Under Attack

When we read the recent news, we think of our greatest threat as being from terrorism, North Korea, Iran, or the economy. Although these issues can and do affect us, the greatest threat to our well-being and longevity comes from within and from what we do or are in contact with every day.

Probably the most influential factor for our health comes from our diet. It has been shown many times over in history, animal studies, and human studies and trials that this is true. You have heard of the Paleolithic Diet, which includes meats, greens, fruits, nuts, raw vegetables, and unprocessed grains. In many archeological studies, it has been shown that on this type of diet (before circa 9000 A.D.) humans did not have heart disease, cancer, diabetes, arthritis, or other diseases of civilized cultures. It has also been shown that when inland groups (on native diets) moved to coastal towns or villages, diabetes, heart problems, dental caries, and dental arch deformities, arthritis, and other diseases appeared in the second and third generation of migrants. Exposure to low nutrient canned goods, sugar and its equivalent white flour, processed oils (hydrogenated), and relative lack of fresh veggies and fruits with their vitamins and minerals gave open access to the oxidative stress that ages us and causes a multitude of diseases.

The main culprits are sugars and foods with a high glycemic index. As we’ve noted in past articles, a food product with a high glycemic index causes problems with elevation of blood sugar, elevated insulin levels, high arachidonic acid levels, increased inflammatory body hormones (eicosanoids), and the body malfunctions which accompany this process. For example, inflammation in the body increases the risk for heart disease, cancer, stroke, joint disease, Type II diabetes, Alzheimer’s disease, and other problems including poor immune function. Combine this scenario with obesity which comes from overeating, excess high glycemic foods, excess bad fats, and lack of physical activity and you have a perfect recipe for medical problems. Consider that mostly because of dietary problems in this country, we have 29 million diabetics and pre-diabetics, both of which have a high association with cardiovascular disease and which is predicted to eventually “break the bank” of this country’s existing health care budget and Medicare.

With increased sugar and excess protein intake in the presence of insulin and inflammatory hormones, a process called glycosylation (Maillard reaction) takes place, combining the protein and glucose into a molecular complex which becomes toxic and causes cross-linking of flexible-elastic collagen, giving stiff muscles, joint deterioration, inelastic heart muscle, stiff and tight blood vessels (hypertension), and other problems. Almost all body functions are affected by this process which produces glycotoxins called AGEs, or Advanced Glycation End Products. These AGEs compounds also come into our body from external sources such as baked goods, fried meats, French fries, grilled meats, and processed cheeses. You can go online and search AGEs and find a table showing what quantity of these would be in the most common foods.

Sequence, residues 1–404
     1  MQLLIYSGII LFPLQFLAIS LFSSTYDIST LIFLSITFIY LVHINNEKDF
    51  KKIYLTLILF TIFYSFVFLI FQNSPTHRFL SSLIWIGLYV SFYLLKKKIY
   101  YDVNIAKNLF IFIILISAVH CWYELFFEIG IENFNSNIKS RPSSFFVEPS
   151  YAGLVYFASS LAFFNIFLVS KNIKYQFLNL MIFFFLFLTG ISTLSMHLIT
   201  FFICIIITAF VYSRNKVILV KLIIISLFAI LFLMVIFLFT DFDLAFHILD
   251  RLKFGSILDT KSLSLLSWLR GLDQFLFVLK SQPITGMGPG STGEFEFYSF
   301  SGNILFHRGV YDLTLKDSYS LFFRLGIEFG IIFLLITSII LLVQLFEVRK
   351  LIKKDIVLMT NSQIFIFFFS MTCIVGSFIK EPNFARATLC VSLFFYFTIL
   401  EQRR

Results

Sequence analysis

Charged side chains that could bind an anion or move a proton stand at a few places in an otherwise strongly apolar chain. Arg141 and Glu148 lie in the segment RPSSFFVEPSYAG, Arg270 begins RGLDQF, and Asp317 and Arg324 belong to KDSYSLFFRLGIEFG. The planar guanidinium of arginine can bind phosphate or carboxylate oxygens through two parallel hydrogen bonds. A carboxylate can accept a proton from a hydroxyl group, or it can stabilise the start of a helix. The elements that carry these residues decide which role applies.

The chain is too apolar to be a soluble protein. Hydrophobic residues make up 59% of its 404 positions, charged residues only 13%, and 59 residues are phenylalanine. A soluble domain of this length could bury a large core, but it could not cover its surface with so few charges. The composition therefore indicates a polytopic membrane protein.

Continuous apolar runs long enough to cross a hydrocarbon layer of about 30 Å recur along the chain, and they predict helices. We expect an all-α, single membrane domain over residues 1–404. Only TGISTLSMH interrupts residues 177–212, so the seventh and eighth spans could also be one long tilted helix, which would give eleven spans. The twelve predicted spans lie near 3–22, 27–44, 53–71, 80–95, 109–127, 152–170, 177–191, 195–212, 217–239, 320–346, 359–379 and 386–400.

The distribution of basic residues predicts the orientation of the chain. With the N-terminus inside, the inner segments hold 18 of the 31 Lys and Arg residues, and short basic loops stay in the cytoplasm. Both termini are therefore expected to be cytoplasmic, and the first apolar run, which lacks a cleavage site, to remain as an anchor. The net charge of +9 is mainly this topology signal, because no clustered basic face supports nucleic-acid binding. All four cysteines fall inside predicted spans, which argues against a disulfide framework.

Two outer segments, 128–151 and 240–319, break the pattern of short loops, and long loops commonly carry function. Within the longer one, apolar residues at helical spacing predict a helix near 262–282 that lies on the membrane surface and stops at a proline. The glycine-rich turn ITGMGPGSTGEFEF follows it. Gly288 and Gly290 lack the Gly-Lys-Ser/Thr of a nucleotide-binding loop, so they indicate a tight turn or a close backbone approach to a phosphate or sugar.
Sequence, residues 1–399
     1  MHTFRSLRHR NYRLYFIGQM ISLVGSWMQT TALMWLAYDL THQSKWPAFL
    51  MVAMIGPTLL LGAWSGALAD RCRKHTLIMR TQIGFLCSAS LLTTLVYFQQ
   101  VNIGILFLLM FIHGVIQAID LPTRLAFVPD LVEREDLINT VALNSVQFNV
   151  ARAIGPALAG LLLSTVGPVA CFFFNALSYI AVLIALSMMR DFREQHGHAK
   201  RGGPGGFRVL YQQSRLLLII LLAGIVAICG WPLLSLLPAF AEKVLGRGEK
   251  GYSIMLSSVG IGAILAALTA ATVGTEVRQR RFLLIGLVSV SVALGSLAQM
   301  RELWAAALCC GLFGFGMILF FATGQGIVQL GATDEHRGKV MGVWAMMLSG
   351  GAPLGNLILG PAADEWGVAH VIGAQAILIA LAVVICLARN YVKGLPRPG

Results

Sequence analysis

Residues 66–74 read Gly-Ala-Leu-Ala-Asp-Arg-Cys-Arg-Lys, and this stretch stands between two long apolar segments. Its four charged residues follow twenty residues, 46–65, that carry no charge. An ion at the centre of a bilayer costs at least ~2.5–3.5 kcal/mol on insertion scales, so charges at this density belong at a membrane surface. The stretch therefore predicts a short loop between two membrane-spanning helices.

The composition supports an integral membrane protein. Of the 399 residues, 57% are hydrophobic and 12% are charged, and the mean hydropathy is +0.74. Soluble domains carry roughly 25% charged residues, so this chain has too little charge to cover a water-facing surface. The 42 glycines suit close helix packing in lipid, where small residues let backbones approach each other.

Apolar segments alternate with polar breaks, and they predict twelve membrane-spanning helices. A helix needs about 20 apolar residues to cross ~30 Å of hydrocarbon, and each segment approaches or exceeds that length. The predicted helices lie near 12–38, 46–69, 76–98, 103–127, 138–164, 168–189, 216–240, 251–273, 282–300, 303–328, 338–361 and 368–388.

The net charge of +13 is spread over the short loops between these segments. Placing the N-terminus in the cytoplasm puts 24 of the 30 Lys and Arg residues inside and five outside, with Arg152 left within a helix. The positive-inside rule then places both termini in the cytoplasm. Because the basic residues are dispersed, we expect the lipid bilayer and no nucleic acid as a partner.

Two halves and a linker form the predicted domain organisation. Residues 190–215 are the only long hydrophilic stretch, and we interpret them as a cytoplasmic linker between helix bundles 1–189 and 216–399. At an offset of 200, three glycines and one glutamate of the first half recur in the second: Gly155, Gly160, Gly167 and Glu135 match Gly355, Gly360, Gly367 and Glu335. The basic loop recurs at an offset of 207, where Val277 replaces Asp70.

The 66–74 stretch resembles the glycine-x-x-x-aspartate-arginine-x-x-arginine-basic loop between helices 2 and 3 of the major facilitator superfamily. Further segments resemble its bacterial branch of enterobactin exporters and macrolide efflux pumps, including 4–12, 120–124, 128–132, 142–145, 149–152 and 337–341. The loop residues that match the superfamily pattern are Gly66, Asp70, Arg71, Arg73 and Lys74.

In addition to AGEs, we are constantly bombarded internally by oxidative stress, which is caused by the free radicals produced by exposure to ultraviolet light, external toxins, excess food intake, and other causes. Free radicals damage the DNA in our cells, exacerbate disease processes, and add to the generation of health concerns in our bodies. We should include high levels of antioxidant foods in our diet to try to neutralize these free radicals and avoid damage from them. If you search online for ORAC values of foods, you will find tables listing many foods and noting the level of antioxidants in them, and this will encourage you to eat more of the better foods. ORAC is the abbreviation for Oxygen Radical Absorbance Capacity and is a measure of the neutralizing power of foods against free radicals.

Other external and internal forces which act against us include microwaves, food additives, acidic diets, viruses, bacteria, parasites, toxic foods, hydrogenated and trans fats, and inadequate knowledge of how to deal with all of these negative forces.

In summary, we eat too much, drink too many sodas, eat processed foods, eat low-nutrient foods, take in too much sugar, flour, high fructose corn syrup, and have too much exposure to food additives and toxins. Life is a daily and ongoing battle to promote positive forces and deter damage from the negative ones. Staying aware of all these facts and constantly inquiring about how to deal with them will keep you ahead of the aging curve. The next meal that you have marks the beginning of the rest of your life and is an opportunity to utilize newfound information for a healthier and longer time.

James H. Carraway, M.D.

Dr. James Carraway is a full-time academic and practicing clinical plastic surgeon.  He is Director of the Cosmetic & Plastic Surgery Center of EVMS, is board certified in surgery and plastic surgery, and is a fellow of the American College of Surgeons.  Dr. Carraway has been teaching and practicing for 30+ years and has been director and chairman of residency training programs and fellowship programs in plastic surgery.
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